Northern New York Newspapers
NNY Business
NNY Living
Fri., Aug. 28
Serving the communities of Jefferson, St. Lawrence and Lewis counties, New York
In print daily. Online always.

The smell of success


Cow chips aren’t just a good fertilizer.

They can provide an alternate source of energy for farmers. And now a state program will help those in the dairy industry mine the manure for this double benefit.

Gov. Andrew M. Cuomo recently announced that $20 million is available this year through the New York State Energy Research and Development Authority to create anaerobic digesters. This technology removes methane from cow manure to create biogas, which fuels turbines to produce electricity. What is left is a nutrient-rich effluent, which may be applied to crops as fertilizer and used for cattle bedding.

Applicants for the program are eligible for $2 million per project. The grants are available to businesses that deal with cow manure such as farms, food processors and wastewater sites.

“We have long thought that if the state wanted to invest in alternative-energy sources, especially biofuels, then anaerobic digesters are a good direction to go in,” Jay M. Matteson, agricultural coordinator for Jefferson County, said in a Monday story in the Watertown Daily Times. “Farmers win because they can generate their own power, and it’s a win for the community because it helps the farm manage their waste stream even better” to reduce contamination and odor.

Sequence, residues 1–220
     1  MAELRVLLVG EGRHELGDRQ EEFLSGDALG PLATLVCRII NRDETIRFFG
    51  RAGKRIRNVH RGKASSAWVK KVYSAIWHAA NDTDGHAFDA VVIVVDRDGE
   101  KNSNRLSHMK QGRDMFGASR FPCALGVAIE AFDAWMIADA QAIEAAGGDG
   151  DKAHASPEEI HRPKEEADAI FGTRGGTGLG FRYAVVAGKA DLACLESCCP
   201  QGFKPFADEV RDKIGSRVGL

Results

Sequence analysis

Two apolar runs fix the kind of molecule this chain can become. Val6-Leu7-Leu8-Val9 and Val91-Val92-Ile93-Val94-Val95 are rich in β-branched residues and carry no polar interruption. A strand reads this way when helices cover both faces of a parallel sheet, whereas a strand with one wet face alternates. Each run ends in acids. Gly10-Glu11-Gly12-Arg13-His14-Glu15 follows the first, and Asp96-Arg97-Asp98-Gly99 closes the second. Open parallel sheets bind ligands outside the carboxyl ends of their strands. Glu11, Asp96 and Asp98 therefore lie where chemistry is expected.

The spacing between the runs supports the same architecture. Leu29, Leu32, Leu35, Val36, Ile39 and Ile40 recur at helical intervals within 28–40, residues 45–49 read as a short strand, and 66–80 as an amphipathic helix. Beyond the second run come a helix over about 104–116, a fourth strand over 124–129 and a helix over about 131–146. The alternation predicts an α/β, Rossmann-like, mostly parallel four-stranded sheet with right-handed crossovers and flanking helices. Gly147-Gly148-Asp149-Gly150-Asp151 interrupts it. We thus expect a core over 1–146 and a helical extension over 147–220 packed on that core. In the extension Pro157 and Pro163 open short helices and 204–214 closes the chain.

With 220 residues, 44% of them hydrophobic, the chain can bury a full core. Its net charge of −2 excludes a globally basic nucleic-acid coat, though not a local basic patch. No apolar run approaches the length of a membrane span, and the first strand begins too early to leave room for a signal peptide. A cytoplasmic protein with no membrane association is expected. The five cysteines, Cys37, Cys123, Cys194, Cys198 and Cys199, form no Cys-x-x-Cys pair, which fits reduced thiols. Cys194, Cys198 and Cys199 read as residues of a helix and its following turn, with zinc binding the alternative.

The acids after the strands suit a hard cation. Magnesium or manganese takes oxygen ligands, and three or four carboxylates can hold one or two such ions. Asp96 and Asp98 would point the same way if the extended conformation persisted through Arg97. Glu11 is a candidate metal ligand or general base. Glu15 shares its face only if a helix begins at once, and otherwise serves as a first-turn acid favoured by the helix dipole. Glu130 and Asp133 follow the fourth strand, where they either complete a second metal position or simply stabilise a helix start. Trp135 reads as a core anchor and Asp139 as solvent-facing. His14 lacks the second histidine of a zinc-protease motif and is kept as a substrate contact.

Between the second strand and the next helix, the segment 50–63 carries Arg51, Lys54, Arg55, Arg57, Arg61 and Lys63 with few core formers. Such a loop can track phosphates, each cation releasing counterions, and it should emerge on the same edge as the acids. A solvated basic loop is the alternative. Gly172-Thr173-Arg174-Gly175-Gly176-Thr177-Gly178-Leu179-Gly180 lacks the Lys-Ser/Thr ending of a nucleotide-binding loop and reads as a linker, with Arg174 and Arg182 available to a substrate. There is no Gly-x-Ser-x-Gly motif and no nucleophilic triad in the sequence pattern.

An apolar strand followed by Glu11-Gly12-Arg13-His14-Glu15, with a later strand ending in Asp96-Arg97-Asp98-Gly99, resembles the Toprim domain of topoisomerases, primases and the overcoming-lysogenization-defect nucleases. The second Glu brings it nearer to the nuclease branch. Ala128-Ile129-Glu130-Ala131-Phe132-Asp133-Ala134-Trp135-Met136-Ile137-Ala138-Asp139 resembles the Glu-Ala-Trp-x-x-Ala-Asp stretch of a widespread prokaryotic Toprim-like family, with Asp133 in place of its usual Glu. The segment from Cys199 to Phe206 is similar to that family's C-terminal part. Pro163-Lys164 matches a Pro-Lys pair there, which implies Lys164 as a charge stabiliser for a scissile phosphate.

The idea to help fund anaerobic digesters came from the yogurt summit held last year by Gov. Cuomo. Dairy farmers in Northern New York produce most of the milk for Greek yogurt, and the summit was held to discuss ways the state could assist farmers in enhancing their operations and boost this segment of the economy.

Douglas W. Shelmidine and Jon R. Greenwood are the only two dairy farmers from the north country so far to construct anaerobic digesters. Mr. Shelmidine runs a 750-cow farm in Ellisburg, and Mr. Greenwood operates a 1,300-cow farm in Canton.

“The investment to purchase a digester usually ranges from $3 million to $5 million, Mr. Matteson said, but they’ve become increasingly affordable for farmers because of better state subsidies,” according to Monday’s story.

Government funding for alternative energy is wise as long as the projects support society at large. Grants for items like residential solar panels and windmills may help the individual homeowner, but the broader benefits are difficult to identify.

In contrast, anaerobic digesters benefit dairy farmers by creating energy and fertilizer, both of which they can use. This sanitizes the waste stream from cows and boosts the dairy industry, which also is a plus for the yogurt business. This is grant money well spent, and local dairy farmers should consider if such equipment would help them.

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